A federal judge has blocked a new rule that would have required television and streaming video ads for prescription drugs to include their list price.
In a decision issued late
Monday, U.S. District Court Judge Amit Mehta in Washington, D.C. said the Health and Human Services agency lacked authority to issue the rule, which would have taken effect this week.
“Simply put, the delegation of authority that HHS says allows it ‘to speak with the force of law’ on the marketing of prescription drugs is nowhere to be found in the vast statute that is the
[Social Security Act],” Mehta wrote.
The Association of National Advertisers and three pharmaceutical companies — Merck, Eli Lilly and Amgen — sued last month to block the rule. They contended that including list prices in ads
would mislead consumers, because the list price is often higher than the out-of-pocket price that many people actually pay.
The ANA and others argued that Congress never granted the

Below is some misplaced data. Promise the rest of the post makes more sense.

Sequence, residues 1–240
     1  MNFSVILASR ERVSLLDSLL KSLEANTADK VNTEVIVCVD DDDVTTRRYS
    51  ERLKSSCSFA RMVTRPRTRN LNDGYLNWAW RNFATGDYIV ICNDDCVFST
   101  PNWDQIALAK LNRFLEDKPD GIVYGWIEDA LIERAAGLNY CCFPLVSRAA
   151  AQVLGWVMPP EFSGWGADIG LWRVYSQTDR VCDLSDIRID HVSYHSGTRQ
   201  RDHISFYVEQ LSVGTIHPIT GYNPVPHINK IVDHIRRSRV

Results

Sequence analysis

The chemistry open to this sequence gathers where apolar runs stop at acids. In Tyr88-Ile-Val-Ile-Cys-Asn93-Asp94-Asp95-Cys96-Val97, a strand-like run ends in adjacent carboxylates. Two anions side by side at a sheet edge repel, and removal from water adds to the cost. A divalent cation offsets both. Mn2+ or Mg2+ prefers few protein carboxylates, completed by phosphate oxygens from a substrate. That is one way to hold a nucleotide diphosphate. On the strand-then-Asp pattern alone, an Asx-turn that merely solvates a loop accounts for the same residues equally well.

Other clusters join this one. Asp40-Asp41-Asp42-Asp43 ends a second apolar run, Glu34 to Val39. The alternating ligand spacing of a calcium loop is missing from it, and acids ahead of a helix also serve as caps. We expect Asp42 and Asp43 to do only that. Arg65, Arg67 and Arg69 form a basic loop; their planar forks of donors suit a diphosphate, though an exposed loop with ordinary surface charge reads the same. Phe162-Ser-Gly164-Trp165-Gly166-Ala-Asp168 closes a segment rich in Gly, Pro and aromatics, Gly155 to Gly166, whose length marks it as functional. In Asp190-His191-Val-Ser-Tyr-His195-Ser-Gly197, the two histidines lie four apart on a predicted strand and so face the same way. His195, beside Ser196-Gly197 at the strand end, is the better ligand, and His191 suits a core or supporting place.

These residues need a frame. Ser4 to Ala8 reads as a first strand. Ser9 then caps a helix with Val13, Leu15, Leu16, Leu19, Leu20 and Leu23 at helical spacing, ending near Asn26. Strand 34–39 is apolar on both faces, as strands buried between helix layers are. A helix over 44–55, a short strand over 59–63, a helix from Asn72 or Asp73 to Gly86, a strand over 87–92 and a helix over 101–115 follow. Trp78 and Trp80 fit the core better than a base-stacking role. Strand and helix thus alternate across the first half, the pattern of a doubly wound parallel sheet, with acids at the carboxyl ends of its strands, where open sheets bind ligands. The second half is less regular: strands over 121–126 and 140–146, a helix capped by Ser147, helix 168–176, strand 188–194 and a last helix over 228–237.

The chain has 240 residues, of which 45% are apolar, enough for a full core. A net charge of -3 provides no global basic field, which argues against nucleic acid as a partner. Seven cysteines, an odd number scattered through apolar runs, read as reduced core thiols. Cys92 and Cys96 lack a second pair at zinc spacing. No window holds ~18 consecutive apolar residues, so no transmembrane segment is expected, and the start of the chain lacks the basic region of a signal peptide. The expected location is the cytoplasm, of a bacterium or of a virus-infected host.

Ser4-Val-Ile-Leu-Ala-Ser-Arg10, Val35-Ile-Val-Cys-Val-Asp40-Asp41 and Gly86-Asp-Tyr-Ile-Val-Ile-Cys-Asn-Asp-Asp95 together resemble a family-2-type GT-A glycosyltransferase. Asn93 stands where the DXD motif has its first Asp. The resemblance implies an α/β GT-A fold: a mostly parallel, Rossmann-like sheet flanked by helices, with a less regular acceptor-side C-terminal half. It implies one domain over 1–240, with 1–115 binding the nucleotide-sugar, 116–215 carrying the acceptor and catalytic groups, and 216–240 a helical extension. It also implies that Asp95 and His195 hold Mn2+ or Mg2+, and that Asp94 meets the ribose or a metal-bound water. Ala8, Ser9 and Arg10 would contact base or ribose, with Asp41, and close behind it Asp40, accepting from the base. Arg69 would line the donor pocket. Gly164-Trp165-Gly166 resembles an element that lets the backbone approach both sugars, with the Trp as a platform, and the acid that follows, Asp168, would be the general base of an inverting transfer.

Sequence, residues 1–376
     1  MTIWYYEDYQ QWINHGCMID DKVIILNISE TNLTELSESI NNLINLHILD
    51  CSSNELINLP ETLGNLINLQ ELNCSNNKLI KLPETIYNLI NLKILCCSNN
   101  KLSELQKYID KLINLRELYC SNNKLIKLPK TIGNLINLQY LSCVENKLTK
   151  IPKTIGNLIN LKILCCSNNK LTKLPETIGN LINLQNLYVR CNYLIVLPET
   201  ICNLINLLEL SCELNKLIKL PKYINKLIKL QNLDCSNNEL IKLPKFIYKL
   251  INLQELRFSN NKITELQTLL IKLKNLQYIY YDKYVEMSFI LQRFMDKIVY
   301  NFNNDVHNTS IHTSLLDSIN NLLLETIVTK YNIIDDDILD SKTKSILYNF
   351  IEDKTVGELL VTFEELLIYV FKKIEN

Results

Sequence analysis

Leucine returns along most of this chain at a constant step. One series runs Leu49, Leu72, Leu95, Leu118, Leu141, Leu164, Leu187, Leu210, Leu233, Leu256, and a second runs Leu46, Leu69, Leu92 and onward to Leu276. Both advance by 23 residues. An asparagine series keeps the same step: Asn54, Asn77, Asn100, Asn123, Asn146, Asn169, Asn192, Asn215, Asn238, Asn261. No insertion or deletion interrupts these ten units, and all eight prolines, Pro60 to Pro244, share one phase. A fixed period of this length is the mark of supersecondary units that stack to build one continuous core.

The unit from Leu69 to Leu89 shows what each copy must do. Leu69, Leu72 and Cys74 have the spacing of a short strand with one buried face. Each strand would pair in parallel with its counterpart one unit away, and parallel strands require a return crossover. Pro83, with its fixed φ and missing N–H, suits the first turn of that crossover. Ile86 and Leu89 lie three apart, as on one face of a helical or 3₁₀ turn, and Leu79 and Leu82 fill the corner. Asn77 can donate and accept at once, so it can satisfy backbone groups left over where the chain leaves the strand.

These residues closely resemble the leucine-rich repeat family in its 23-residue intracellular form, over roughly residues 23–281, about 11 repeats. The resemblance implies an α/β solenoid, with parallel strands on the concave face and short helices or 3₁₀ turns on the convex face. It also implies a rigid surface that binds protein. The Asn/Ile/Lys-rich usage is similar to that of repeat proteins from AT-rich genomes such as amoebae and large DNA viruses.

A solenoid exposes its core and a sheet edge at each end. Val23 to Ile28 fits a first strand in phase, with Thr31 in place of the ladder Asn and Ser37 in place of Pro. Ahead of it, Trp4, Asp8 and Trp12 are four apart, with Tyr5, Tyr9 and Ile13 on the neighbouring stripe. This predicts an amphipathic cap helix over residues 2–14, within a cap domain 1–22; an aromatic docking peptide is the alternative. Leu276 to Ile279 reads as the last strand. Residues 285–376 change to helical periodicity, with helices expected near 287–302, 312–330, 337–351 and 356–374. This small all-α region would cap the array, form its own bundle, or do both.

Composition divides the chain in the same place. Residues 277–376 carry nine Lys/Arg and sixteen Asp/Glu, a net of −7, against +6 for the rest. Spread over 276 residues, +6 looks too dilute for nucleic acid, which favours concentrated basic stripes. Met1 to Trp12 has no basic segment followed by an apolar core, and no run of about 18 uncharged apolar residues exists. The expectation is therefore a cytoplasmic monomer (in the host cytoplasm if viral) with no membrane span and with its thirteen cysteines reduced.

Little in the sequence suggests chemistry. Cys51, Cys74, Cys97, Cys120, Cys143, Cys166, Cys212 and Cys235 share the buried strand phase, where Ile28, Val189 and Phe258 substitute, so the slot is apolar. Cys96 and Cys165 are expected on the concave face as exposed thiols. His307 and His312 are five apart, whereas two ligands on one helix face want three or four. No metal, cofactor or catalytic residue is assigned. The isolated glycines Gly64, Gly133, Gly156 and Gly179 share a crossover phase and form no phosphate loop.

Health and Human Services agency the type of “expansive authority” that would enable it to order ad disclosures. The challengers also said the rule violates the First Amendment by
compelling speech — in this case, price disclosures.
The ANA’s Dan Jaffe, executive vice president for government relations, praised the judge’s ruling. “This is good news for
the ad community as this ad rule would violate the First Amendment, hurt consumers by giving them price information that would mislead them as to the actual cost of drugs and create broad adverse
precedents that would go far beyond the prescription drug area,” he said in an email to MediaPost.